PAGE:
A great thank you from those for whom English is not our first language :>)
----- Original Message -----
Sent: Thursday, January 31, 2002 7:25 PM
Subject: Re: Ceilidh versus SCD
> Pia asked about the difference between Ceilidh and Scottish Country
Dancing, > which I would have thought any member of the R.S.C.D.S. would have known. > > [By the way, the correct spelling of the word is CEILIDH and not ceidlidh] > > In Scottish COUNTRY dancing the word "country" has nothing whatsoever to
do > with "rural" in the sense of being related to a particular territory. The > word "country" as used in Scottish Country Dancing is a corruption of the > latin "contra" meaning "opposite". In Scottish Contra (country) Dancing, > partners usually stand opposite each other in longwise sets. > > Ceilidh is a Gaelic word for which there is no single English equivalent.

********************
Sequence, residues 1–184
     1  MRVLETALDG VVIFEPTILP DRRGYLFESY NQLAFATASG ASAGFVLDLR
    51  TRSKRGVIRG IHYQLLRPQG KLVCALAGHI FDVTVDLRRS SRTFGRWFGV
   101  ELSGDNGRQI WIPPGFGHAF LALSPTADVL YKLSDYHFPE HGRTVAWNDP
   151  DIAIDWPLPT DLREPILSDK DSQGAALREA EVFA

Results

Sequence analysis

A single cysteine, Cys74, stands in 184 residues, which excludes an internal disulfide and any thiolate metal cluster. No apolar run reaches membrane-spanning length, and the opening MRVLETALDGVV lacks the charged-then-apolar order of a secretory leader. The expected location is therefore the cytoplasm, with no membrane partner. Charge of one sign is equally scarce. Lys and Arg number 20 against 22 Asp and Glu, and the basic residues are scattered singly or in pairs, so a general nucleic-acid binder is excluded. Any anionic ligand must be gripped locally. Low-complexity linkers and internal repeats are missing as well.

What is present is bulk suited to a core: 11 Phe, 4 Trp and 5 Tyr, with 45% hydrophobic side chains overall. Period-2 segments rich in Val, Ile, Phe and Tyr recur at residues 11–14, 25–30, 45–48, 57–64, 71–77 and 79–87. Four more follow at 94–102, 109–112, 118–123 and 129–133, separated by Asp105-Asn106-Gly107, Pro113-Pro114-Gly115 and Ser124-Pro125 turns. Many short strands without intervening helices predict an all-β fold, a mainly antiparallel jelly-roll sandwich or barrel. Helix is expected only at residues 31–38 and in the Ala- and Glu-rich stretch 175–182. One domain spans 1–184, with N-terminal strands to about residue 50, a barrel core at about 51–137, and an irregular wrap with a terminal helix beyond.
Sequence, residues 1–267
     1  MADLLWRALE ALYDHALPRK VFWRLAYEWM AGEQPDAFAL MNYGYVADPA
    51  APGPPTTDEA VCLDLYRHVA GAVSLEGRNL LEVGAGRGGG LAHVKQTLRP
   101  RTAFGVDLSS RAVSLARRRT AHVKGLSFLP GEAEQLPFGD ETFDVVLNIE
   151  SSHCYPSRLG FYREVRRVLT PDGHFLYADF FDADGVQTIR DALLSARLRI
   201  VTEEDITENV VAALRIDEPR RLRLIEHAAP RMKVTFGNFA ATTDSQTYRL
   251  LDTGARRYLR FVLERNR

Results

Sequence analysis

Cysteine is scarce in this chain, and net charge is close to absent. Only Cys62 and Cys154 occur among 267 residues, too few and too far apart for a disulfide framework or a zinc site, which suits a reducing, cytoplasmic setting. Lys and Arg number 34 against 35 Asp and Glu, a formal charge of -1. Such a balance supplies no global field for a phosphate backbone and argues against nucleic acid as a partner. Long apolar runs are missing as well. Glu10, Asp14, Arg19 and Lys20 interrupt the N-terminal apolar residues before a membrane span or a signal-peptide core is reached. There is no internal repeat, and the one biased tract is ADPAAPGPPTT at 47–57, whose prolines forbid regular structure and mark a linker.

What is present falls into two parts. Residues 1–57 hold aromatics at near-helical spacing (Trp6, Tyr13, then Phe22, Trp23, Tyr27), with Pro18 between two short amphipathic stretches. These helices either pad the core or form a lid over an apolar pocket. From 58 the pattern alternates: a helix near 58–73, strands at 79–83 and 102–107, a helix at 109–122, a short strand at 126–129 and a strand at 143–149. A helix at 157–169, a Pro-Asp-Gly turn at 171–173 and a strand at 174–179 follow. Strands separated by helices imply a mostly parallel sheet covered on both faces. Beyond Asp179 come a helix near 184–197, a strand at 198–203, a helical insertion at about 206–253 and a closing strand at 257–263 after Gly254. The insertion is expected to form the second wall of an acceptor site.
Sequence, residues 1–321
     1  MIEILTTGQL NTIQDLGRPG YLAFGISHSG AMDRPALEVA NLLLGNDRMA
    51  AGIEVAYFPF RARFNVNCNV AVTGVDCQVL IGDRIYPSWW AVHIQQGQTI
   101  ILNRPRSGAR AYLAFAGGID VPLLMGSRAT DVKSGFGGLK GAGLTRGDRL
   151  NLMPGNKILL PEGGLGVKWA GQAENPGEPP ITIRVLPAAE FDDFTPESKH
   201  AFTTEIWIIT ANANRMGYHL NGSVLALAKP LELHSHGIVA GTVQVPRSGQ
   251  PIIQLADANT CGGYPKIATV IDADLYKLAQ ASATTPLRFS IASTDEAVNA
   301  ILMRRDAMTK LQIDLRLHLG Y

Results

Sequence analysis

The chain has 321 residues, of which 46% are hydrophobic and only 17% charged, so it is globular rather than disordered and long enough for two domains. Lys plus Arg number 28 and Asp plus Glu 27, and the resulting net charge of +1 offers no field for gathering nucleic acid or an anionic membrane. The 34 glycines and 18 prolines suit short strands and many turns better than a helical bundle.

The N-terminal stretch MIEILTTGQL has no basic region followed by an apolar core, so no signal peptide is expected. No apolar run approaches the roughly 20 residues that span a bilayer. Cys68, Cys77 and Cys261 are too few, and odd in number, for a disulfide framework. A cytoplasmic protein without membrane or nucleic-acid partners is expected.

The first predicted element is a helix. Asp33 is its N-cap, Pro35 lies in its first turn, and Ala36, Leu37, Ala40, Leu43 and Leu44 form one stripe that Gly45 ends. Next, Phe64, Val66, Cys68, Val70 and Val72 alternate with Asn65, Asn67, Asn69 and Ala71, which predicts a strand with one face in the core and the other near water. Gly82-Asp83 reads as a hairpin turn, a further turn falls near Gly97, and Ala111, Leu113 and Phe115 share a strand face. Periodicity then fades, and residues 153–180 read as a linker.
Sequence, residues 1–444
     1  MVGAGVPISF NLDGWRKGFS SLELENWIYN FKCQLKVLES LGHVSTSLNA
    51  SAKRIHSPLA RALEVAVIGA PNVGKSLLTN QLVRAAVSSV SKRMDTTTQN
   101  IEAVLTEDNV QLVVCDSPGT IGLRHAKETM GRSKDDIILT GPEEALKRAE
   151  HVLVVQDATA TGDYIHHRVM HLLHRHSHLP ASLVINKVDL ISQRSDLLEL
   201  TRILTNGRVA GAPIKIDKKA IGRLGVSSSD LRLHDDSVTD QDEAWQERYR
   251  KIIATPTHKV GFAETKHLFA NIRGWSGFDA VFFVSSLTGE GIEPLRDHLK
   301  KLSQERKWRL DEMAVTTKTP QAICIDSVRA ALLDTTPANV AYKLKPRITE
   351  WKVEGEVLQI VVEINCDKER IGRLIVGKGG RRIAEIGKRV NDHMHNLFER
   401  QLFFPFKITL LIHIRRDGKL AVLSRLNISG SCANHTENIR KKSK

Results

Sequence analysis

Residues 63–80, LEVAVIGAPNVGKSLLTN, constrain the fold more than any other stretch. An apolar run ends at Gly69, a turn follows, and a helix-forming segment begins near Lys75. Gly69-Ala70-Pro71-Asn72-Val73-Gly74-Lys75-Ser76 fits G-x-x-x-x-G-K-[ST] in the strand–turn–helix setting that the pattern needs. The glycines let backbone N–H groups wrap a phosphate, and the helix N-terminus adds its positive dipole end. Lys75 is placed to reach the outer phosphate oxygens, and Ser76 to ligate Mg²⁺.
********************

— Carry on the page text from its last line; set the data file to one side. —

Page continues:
It > originally signified (and still does to Gaelic speakers) a gathering at
which > spontaneous singing, verse-recitation, music and dancing took place. > However, the term "ceilidh dancing" nowadays usually refers to couple
dances > (generally using "ballroom hold") or what used to be called "old-time"
dances > (St. Bernard's Waltz, Gay Gordons, and so on, but including some
"borrowing" > from Country Dancing (Strip the Willow, for example.) > > I hope this is helpful. > > David >